Dominica, the most interesting island, as well as the greenest and lushest island, in the Caribbean.

I wanted to share a few summery photos on this cold January day. And a thought: There are about 3 000 native Carib Indians left in the world. They live in a 15 sq. km (about 3 700 acres) reserve on Dominica.

Caribs. And a Viking child.

Volcanic rock at L’Escalier Tête-Chien, the Snake’s Stairs. Carib territory, Dominica.

(*But but but… doesn’t chien mean dog? Not snake? Well, you see, there is a type of snake – a boa constrictor – called tête-chien, hence the name of the rock formation.)


Morne Trois Pitons National Park

Just outside Dominica’s charming capital Roseau (which oddly, I haven’t a single photo of… what was I thinking), is Morne Trois Pitons National Park, with a wide variety of verdant landscapes: tropical forest, five volcanoes, valleys, waterfalls, lakes, a boiling lake even, geysers and steamy hot springs. It’s an exciting place to amble around in, even for a 7-year-old. Need much more than the few hours I had allotted.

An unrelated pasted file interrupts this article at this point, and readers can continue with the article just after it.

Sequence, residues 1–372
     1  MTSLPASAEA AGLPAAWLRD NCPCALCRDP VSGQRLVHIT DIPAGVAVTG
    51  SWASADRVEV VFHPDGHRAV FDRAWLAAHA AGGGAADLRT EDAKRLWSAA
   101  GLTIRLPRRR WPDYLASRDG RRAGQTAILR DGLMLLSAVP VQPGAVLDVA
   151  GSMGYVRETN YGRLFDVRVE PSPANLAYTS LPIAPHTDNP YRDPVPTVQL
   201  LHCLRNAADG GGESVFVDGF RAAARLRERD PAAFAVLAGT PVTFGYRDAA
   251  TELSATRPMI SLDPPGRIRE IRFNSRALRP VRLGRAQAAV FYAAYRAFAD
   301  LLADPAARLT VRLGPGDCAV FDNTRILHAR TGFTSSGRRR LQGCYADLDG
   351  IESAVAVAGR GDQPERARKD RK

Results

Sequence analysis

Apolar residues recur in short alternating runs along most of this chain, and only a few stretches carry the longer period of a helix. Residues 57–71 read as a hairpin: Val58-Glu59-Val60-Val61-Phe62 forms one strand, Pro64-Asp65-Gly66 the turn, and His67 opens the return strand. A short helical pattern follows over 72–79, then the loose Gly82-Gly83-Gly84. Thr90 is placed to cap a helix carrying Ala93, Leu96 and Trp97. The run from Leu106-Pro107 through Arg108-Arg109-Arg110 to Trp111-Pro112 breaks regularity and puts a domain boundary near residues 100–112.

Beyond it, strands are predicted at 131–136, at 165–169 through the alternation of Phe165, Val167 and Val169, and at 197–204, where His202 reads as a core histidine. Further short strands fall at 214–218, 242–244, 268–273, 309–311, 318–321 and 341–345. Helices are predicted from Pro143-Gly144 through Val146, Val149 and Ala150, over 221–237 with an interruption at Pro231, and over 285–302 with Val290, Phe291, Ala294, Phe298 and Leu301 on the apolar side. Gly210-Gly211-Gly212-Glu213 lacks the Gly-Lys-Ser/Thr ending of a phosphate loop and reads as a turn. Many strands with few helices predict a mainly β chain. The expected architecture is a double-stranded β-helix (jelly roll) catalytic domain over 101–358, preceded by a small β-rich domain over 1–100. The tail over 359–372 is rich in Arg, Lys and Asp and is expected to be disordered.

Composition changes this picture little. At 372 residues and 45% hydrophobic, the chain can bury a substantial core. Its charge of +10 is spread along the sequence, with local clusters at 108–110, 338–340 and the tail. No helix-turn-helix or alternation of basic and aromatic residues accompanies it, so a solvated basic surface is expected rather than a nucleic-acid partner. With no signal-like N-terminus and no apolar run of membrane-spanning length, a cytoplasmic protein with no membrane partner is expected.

That Viking child again, and Jerome, our driver for the day, hanging out at Trafalgar Falls in the national park.


unesco logo

Morne Trois Pitons National Park is a UNESCO World Heritage site.
Here are more UNESCO World Heritage sites I have visited around the world.